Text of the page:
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There is a question I believe to be well on topic, relevant, and interesting. It is asking to consider a fictional scenario and evaluate, as given in the fictional scenario, whether it is possible to achieve with classical physics.

It is, I believe, people who are misapplying the prohibition against fictional physics, who have voted to put the question on hold. The prohibition is:

Questions about fictional physics "Could a warp drive get you out of a black hole?" Questions about physics of fictional worlds which are not sufficiently grounded in real physics are off topic here, but they may be on topic at Science Fiction & Fantasy.

This seems to me to suggest the prohibition is against trying to determine whether fictional physics rules would allow something to happen.

Is asking for a scenario to be evaluated against real-world physics then off topic? Is it off topic to ask if a fictional scenario is possible as it is described, if the physical rules being asked to judge it against are real-world rules?

Example, would asking if Verne's moon cannon is possible be off topic?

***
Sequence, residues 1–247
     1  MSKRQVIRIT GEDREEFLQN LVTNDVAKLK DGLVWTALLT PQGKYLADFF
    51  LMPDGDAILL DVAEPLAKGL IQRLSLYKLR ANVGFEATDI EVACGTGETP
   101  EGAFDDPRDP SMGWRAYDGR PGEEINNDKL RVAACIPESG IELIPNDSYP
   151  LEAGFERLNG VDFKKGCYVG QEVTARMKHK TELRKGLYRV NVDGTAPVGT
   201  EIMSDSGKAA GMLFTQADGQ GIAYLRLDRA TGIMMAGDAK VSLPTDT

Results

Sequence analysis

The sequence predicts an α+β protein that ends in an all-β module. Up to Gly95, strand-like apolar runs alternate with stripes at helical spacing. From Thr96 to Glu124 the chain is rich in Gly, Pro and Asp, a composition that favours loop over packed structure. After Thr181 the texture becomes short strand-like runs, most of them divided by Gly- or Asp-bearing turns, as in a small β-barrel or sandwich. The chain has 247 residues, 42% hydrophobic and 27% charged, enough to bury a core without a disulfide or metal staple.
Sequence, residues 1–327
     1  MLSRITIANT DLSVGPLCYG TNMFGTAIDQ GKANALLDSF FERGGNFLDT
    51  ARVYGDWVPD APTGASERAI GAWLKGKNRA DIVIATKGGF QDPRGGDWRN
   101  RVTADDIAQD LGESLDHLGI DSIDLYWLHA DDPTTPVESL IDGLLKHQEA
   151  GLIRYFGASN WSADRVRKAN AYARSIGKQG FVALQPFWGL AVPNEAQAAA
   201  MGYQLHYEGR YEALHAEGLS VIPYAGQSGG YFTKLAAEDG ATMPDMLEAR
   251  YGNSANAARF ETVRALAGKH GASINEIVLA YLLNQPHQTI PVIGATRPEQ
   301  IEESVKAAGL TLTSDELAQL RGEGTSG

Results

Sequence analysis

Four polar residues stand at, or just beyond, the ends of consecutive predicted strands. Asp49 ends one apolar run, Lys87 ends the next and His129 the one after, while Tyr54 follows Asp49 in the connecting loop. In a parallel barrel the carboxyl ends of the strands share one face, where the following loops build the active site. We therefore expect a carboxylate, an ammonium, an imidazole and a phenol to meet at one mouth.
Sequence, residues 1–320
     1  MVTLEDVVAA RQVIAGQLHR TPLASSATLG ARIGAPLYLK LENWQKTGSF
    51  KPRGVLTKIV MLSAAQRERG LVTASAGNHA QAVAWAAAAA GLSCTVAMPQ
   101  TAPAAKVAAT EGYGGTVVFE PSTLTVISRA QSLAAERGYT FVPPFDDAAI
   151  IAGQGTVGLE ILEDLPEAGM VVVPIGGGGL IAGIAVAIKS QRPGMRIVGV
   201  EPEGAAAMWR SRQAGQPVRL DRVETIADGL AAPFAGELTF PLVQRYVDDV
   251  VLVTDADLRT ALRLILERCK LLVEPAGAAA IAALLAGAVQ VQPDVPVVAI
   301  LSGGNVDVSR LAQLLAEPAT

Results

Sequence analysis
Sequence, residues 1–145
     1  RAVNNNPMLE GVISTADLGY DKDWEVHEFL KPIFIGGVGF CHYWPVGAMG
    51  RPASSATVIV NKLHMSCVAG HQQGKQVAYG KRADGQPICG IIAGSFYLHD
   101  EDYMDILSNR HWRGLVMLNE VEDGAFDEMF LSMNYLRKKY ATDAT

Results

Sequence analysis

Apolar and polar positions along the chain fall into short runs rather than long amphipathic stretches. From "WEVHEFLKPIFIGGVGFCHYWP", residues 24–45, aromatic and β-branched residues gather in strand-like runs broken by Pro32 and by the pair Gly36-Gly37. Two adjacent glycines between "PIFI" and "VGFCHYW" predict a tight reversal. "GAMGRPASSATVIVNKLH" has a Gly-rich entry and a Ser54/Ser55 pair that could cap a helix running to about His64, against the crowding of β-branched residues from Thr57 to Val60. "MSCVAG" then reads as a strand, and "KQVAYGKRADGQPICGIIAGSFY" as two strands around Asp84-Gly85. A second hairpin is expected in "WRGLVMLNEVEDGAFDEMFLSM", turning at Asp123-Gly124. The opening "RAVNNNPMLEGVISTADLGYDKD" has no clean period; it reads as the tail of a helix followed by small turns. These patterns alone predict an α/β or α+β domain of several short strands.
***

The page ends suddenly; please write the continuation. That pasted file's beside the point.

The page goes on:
Is there recourse if off-topic rules are misapplied?

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    $\begingroup$ Which question? Can you post a link to it? $\endgroup$ – John Rennie Nov 26 '18 at 16:52
  • $\begingroup$ @JohnRennie Given the suggested edit and his answer there, presumably Kurt is referring to this question. $\endgroup$ – Emilio Pisanty Nov 26 '18 at 17:42
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    $\begingroup$ ... in which case, I have to say that the fact that the question was on the Hot Network Questions was a strong influence on my vote to close. If that doesn't feel very fair, I'd counter with the question of why it's 'fair' that a question of that terrible a quality gets to represent this site on network-wide advertisement. Closing those questions is unfortunate, but (since SE seems a long way away from fixing the HNQ) a harder-than-usual stance on closure is often the only response that remains. $\endgroup$ – Emilio Pisanty Nov 26 '18 at 17:45